Land-locked and oozing rural charm, the country feels like a slide of the world unaffected by the world beyond. Home to a wide array of rare wildlife and boast a diverse landscape, Laos is widely popular among bikers, cyclists, and kayakers, as well as history buffs and nature lovers.
Wedged between the countries in the Indochinese peninsula, Laos shares its land borders with China to the North, Vietnam to the East, Cambodia to the South, Thailand to the West, and a small part of Myanmar to its Northwest. Being the middle ground for the surrounding countries, Laos remains landlocked and seems undisturbed from the influences beyond. The rural charm of its surreal landscapes is home to a wide variety of rare wildlife and makes it a favored destination by nature-loving travelers.
As mentioned above, the history of Laos goes way back to ancient times. Before it used to be a chaotic dispute through conquests and tribal wars until the unification of the vassal states into the Kingdom of Lan Xang. The regime ruled the land pretty well for more than three and a half centuries until it fell by the hands of Siamese and Burmese invaders. However, during the French colonization era, much of the lands reverted to their independent states. The turmoil that ravaged the kingdom, unfortunately, destroyed most of its ancient monuments and temples. Thankfully, parts of the city called Luang Prabang survived the horrific ordeal. Years passed and during the 19th century, the French established rule giving it the current name. This was the time when the boundaries of Laos were loosened and appropriated through a series of treaties with Siam (Thailand). Neglecting the short period of Japanese invasion towards the end of World War II, the occupying French regime reigned until 1953 when internal power struggles in Vietnam led to Laos having full sovereignty. Two decades later, the Vietnamese-backed communist party of Laos took control and is currently the ruling regime in the country.
The Lao people are a Tai ethnic group native to Southeast Asia. Their common tongue is the Kra-Dai which originated from present-day Southern China. The majority of the population in Laos comprises this ethnic group totaling up to 53%.
Tropical monsoon climates are usual in the Indochina Peninsula. Hot and dry weather is common in March and April, then transitioning to a pronounced rainy season from May till October. The temperate and dry climate from November to February remains the preferred season by travelers. In general, monsoon schedule patterns remain accurate with varying amounts of monthly rainfall. Temperatures of 40 °C hit the record high along with the areas in the Mekong during March-April, while 5°C was the record low in the highlands of Xiangkhoang during January.
Buddhism which was introduced during the early 8th century remains the country’s main religion, influencing the daily lives of the Lao people. In the late 1950s however, restrictions imposed by the communist government were seen as an attempt to manipulate the thoughts and attitudes of the population. The regime supported religious practice and used many of its teachings to support their political goals. The country’s capital of Vientiane observes the Luang festival, which is a 3-day celebration of the communist control. This later became a week-long celebration that includes concerts, parades, and other religious ceremonies.
Surprisingly, tourism in the capital of Laos remains quite tame compared to Bangkok or Ho Chi Minh. The relaxing and laid-back atmosphere can be attributed to being the smallest capital in Southeast Asia. Though minute in size, Vientiane is home to numerous French-influenced architecture and cuisine. The boulevard along the Mekong is home to the charming night-markets, restaurants, and cafes.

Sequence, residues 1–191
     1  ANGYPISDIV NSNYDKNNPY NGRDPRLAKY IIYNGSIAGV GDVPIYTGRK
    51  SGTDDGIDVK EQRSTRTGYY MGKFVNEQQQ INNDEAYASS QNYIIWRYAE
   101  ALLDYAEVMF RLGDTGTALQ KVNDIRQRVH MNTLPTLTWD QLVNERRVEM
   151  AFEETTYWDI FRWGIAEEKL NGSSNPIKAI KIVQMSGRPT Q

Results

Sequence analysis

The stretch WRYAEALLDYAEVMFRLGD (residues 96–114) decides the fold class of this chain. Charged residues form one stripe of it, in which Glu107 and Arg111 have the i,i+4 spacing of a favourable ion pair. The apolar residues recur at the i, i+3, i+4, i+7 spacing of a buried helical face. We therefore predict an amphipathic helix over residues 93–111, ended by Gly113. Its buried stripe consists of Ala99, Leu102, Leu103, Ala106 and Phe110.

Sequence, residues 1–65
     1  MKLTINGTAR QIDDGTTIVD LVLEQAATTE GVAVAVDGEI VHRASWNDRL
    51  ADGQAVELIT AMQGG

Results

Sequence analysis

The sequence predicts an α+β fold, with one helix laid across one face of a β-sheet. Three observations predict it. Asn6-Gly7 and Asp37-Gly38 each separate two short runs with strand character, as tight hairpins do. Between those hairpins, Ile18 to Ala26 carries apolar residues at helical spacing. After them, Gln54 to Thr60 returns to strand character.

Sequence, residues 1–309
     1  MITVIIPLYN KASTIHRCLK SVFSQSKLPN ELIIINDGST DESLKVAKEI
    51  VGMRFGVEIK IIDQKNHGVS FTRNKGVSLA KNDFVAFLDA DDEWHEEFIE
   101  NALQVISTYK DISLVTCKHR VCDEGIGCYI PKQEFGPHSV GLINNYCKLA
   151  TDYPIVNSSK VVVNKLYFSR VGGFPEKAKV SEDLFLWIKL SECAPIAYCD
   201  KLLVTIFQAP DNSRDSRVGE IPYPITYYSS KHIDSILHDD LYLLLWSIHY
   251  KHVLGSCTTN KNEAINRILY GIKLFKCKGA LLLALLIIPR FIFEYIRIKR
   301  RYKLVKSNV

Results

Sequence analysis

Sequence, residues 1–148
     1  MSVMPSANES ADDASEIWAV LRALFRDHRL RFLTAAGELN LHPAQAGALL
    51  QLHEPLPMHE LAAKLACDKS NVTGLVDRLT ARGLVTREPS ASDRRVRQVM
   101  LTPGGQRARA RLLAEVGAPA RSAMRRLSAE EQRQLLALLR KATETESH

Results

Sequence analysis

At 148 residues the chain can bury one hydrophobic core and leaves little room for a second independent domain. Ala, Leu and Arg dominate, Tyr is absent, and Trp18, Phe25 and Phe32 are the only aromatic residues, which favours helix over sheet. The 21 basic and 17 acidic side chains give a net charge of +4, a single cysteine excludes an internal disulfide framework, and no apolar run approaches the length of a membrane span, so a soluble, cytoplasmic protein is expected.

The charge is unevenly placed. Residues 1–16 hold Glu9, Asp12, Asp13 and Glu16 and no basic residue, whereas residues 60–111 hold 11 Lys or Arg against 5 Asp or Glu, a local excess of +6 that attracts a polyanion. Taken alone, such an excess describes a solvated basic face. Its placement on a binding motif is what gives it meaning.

Vang Vieng has made a name for itself for being a popular party destination. Tourists who are in the know values this hotspot for its cheap drinks, loud music, and the activity called “tubing”, where they stay afloat the Nam Song River riding buoys and holding a drink in hand.
The one and only Luang Prabang was formerly the royal capital of the kingdom. It retained Buddhist temples and traditional colonial architecture. The love and attention are well deserved in this cultural heart of Laos. Luang Prabang became a UNESCO World Heritage Site back in 1995.
The small river town of Nong Kiau is between the mountains and lush rainforests. This charming village is the perfect pitstop when exploring the Northern parts of Laos. A must-see site is a Chinese-built bridge that connects the two sides of the Nam Ou river.
The experience in Muang Ngoi is as authentic as it gets. The rural vibe along the houses provide stunning views to the surrounding karst limestone mountains. Adventurous trekking will take you through the unspoiled natural caves of Tham Kang and Tham Pha Kaew.
The riverine archipelago of Si Phan Don is a group of islands in the Southern end of Laos. Most of the islands are small and uninhabited. And about half of them submerge when the Mekong River has flood. The nutrient from the river makes it a great spot for fishing. And unsurprisingly, most of the locals are fishermen. The principal islands of Don Det and Don Khong are the largest and where most tourists stop by.
This gorgeous town is one of the best places in Laos visitors should not miss. Pakse is the gateway to other hotspots as it converges both Xe Don and Mekong Rivers. Pakse is gorgeous after the rainy season as the Champasak province blooms in vibrant greenery. Organized tours to the South of Laos will take tourists to The Bolaven Plateau. This is a stunning park with lots of waterfall and tea plantations.
Currency: Lao Kit (LAK)
Rate: 1 USD ≈ 8,670 LAK
Area: 237,955 km2
Population: 6.8 million people
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